Faced with a need to cut operating costs when entering a period of recession, marketing is seen as an easy option for those who focus only on the immediate balance sheet.
But, before you wield the axe, stop and consider the implications.
Marketing is probably more important than ever when customers are scarce and budgets are tight.
After all, it is PR and marketing that results in something that all businesses need... customer demand. Research shows that awareness of your product or service can decline as much as 50% in a month when you fall silent. Rebuilding that profile may cost you a great deal more at a later date.
It may be brave to swim against the tide, to shun the obvious cuts. But it can pay huge dividends in the long run.
To maintain, or even increase, your spend on PR and marketing gives your business an opportunity to stand above the competition and increase demand at the very time your competitors are cutting back and losing their place.
You have more impact during a recession, when others have fallen strangely silent. You may also get more for your money. Lower demand means there are bargains to be had!
Not that I am advocating you snatch up bargains just because they are there. It is amazing, but there are still businesses out there who believe they are practising good marketing by having an advertising budget and spending it willy-nilly. Marketing and advertising butterflies could have a field day with cut-price advertising during a recession.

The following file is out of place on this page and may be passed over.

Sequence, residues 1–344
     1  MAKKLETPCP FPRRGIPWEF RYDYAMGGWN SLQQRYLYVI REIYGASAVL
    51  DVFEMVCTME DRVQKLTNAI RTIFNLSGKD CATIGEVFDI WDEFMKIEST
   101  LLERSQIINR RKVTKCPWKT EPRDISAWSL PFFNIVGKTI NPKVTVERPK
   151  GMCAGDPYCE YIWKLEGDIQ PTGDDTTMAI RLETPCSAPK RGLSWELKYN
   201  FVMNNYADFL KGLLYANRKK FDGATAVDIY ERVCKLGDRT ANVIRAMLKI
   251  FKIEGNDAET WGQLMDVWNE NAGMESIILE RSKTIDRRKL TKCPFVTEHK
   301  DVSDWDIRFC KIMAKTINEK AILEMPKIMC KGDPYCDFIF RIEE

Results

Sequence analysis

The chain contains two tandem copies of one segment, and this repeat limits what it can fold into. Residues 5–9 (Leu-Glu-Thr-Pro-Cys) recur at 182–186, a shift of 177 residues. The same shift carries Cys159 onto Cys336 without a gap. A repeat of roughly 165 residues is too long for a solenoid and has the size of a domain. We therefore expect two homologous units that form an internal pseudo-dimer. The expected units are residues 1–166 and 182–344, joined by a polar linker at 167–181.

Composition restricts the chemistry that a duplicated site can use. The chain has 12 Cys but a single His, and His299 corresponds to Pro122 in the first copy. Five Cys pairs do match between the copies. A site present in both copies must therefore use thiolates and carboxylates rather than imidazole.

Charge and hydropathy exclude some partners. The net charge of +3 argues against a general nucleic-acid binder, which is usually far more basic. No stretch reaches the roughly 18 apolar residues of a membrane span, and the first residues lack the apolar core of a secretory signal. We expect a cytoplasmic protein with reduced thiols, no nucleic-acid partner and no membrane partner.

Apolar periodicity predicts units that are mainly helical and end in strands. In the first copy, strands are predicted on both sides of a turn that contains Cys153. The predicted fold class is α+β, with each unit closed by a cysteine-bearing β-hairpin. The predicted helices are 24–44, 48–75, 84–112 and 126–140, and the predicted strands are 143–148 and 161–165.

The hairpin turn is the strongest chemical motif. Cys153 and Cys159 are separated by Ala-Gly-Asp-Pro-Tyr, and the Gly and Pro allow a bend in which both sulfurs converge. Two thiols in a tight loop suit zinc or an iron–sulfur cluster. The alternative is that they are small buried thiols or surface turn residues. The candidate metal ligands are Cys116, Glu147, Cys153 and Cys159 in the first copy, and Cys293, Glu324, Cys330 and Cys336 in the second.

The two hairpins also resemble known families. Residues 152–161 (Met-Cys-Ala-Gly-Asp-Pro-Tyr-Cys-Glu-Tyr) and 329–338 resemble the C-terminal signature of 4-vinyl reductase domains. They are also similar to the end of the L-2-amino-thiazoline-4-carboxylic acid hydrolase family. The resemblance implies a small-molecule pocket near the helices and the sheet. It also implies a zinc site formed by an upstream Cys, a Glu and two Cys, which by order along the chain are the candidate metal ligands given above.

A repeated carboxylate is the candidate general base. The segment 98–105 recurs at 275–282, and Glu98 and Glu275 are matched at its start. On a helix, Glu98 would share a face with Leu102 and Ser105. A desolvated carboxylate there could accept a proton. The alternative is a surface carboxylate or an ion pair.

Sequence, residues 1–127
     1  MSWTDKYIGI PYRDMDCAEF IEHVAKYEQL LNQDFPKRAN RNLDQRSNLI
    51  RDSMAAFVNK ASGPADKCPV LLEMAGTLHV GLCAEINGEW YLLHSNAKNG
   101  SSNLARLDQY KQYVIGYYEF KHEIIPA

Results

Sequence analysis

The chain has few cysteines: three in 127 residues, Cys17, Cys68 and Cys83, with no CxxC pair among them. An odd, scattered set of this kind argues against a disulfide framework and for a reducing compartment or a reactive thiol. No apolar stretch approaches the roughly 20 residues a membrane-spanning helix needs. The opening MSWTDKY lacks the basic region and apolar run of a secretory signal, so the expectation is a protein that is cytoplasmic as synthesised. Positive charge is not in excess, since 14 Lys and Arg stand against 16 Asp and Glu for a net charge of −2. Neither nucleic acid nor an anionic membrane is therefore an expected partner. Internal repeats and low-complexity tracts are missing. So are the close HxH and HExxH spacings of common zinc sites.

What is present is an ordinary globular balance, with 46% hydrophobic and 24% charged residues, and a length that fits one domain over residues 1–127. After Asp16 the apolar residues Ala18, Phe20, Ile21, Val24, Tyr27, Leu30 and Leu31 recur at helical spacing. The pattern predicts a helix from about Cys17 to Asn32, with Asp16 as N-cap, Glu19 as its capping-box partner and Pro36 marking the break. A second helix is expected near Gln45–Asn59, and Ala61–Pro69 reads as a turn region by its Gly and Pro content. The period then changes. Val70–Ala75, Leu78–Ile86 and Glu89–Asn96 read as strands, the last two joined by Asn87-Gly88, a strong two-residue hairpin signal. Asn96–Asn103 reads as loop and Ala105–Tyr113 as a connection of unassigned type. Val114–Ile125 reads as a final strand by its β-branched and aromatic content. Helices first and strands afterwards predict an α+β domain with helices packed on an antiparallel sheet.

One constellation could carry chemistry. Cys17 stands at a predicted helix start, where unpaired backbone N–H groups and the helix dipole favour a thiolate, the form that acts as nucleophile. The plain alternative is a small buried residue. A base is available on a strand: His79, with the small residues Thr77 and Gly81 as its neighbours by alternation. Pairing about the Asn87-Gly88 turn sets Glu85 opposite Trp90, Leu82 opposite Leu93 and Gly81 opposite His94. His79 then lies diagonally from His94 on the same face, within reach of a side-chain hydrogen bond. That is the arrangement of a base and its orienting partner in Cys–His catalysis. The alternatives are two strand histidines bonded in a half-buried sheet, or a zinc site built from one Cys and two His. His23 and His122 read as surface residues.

But, ironically, it is the ineffectiveness of this kind of approach that encourages a perception in some quarters that marketing is expendable when times get tough.
Instead, this is the time for investing wisely. You need to get close to your customers and find out their needs and desires.
Then get the right consultancy support to develop a clear and well-defined PR and marketing strategy that focuses on the channels that will have the greatest impact. Maximising your budget in this way helps you to build your business through the tough times and to position yourself perfectly to bask in the light that, we all fervently hope, is at the end of this particular tunnel. Position yourself to take advantage of the light at the end of the tunnel
McGraw Hill studied the 1970s and 1980s recessions, tracking 468 companies in the first and 600 companies in the latter. The results were quite conclusive. The results of maintaining marketing spend were even more marked in 1981-82 than they were in the 1970s.
Those who maintained or increased their spend were up 275% compared to just 19% for those decreased their spending.
Another obvious step to take as we enter uncharted financial territory is to tune your marketing to market conditions. We can be pretty confident that value-for-money will become the prime consideration for buyers.
Do not confuse value for money with 'cut price'. All that a 'two-for-the-price-of-one' deal is certain to achieve is the devaluation of your product or service.
Instead you should add perceived value to your product or service. And that is where PR is king. © Ken McEwen Public Relations, 2008. www.kenmcewen.co.uk
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